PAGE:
The ethical and social issues of abortion mainly depend on the culture, geographical location and sometimes religion. Some individuals favor women’s reproductive rights as well as the right to decide to do an abortion or not. There exist the pro-life supporters who may be against abortion for some reasons or who may merely accept abortion in intense conditions, as when the life of the mother would be in danger by carrying a pregnancy. Out of this ethical spectrum, there are pro-choice supporters who consider that the fetus is a prospective human being when it becomes feasible, that is when it is able to stay alive outside the womb of its mother. The fetus does not have legal rights; moreover, the woman carrying the fetus has the right, whether or not to carry the pregnancy in order to complete the term. Pro-life defenders believe that a fetus is a human being starting from its time of conception. Consequently, the fetus has the lawful right to life from the time of conception. There lies a continuum of religious, ethical, cultural and political views between these aspects (eGrejen, n.p, 2011).
A range of ethical opinions has been raised on both sides concerning the issues of abortion, but agreement has never been arrived at because the most vocal pro-life and pro-choice supporters have entirely different opinions about the position of a fetus. The study of fetal growth offers little insight concerning the fetus’s position at the time of conception, which further confounds the matter for both sides. Additionally, the point has changed over the years during pregnancy as soon as the fetus becomes feasible. The reason for this is the medical advances, which make it possible to maintain an untimely baby alive at an early stage. In spite of the most advanced medical care, babies born untimely are more in danger for long-term developmental and medical problems.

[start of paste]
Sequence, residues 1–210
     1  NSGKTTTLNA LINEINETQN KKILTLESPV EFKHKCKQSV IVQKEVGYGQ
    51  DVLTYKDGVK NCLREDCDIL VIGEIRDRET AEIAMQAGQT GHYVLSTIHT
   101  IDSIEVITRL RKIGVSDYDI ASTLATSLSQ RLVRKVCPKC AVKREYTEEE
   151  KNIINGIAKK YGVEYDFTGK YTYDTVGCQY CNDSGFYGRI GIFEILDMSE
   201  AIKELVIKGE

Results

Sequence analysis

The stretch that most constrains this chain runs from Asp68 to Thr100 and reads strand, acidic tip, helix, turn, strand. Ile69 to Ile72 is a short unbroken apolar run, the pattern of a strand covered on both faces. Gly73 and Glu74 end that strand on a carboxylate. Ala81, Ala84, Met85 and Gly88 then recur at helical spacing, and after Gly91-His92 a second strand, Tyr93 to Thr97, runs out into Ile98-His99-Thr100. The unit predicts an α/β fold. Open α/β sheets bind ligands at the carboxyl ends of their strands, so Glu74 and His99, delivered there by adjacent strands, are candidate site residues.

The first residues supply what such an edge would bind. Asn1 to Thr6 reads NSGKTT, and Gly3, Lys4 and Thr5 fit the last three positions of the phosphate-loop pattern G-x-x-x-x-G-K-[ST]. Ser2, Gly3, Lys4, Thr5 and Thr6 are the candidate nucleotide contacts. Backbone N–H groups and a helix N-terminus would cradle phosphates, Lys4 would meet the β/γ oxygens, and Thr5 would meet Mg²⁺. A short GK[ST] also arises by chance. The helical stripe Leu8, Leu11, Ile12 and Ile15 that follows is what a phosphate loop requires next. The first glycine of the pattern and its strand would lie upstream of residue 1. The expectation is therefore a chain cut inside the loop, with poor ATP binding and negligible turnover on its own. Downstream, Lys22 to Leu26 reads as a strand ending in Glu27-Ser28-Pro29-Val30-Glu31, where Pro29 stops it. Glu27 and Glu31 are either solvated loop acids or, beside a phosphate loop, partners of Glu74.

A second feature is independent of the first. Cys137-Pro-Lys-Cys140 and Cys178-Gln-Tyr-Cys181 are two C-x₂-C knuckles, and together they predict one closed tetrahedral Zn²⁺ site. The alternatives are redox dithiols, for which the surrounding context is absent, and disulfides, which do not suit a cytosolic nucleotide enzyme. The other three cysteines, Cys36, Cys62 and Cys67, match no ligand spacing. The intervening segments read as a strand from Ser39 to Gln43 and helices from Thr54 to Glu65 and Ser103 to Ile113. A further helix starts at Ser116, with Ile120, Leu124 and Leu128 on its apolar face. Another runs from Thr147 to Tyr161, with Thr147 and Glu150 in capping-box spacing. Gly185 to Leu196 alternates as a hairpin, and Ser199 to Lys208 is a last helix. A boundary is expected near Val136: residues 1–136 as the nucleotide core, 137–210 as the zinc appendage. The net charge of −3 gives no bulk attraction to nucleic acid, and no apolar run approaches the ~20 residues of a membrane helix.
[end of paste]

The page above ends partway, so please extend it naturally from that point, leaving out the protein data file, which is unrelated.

Since the earliest times, many religions continued to be against the idea of abortion. According to Christianity, abortion is regarded as a sin in all situations, apart from when an attempt is made to protect the life of a mother, and the loss of the fetus is a secondary result of that attempt. The Islamic also consider abortion as a wrong action, except when it is done to safeguard the life of the mother. According to Hinduism, abortion is seen as a form of violence. The preferred action must be the one that brings least harm to the mother, child, father and the society. Other religions, which are not mentioned here, also oppose abortion (Suyashgoenka, 2009).